for a type declared in the visible part of a package, the overriding may be either in the visible or the private part. However, if the type is a generic formal type, the subprogram need not be overridden for the formal type itself; a nonabstract version will necessarily be provided by the actual type.
The interesting thing about this is that neither 3.9.3(4) nor 3.9.3(6) talk about inherited subprograms. 3.9.3(4) says "has an abstract primitive subprogram", without saying anything about the case of a routine which is not inherited. Thus, an abstract equality operator is included by this text, and a overriding is required. But, so are abstract primitive subprograms declared after the derived type which are also not inherited. And it fails to make predefined equality abstract for abstract types. So the existing text is no good.
The solution is to have 3.9.3(4) talk about "implicitly declared primitive subprograms", and then have 3.9.3(5) use this wording, rather than inherited. It's not necessary to change 3.9.3(6), as it refers to "the subprogram", meaning the subprogram mentioned in 3.9.3(4).
!corrigendum 03.09.03(04)
Replace the paragraph:
For a derived type, if the parent or ancestor type has an abstract primitive subprogram, or a primitive function with a controlling result, then:
by:
If a derived type has an implicitly declared primitive subprogram that is inherited or is the predefined equality operator, and the corresponding primitive subprogram of the parent or ancestor type is abstract or is a function with a controlling result, then:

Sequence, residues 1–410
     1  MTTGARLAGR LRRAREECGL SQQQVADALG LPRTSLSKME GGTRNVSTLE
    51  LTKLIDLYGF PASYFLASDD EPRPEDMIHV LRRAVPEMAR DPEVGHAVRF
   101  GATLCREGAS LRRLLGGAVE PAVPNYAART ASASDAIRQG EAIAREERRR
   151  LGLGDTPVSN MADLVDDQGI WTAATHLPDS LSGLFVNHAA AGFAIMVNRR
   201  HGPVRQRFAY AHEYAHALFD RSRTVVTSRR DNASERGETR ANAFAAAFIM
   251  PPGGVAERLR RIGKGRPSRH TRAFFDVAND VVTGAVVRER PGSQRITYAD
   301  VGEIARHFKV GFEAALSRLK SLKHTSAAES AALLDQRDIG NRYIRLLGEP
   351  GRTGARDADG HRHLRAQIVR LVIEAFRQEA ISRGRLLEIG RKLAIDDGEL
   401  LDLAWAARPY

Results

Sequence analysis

!corrigendum 03.09.03(05)
Replace the paragraph:
by:
!ACATS test
An ACATS test should be constructed with the case from the example.
!appendix

From: Tucker Taft
Sent: Wednesday, April 23, 2003  2:01 PM

4.5.2(14) (and 3.4(17)) says that the predefined equality operator
for a type extension is *not* inherited, but rather "incorporates"
the primitive equality op of the parent type.  What if this
primitive equality is abstract?  There seem to be two choices:

  1) The predefined equality operator of the type extension must be overridden
     if the type extension is non-abstract.  It is abstract if the
     type extension is abstract.
 or:
  2) The primitive equality of the parent type is ignored, and
     equality is checked only for the components of the extension part.

There is some precedent for (2) in 7.6(11), where when
performing default initialization of the ancestor part of
an extension aggregate, we don't call the Initialize
procedure if it is abstract.

This came up in the following context:

   type Root_Key is abstract tagged null record;
   function "="(Left, Right : Root_Key) return Boolean is abstract;
     -- "=" is used to determine equivalence of keys

   ...

   type My_Key is new Root_Key with record
      X : Integer := 0;
   end record;
   -- Predefined "=" does the right thing for equivalence of My_Key;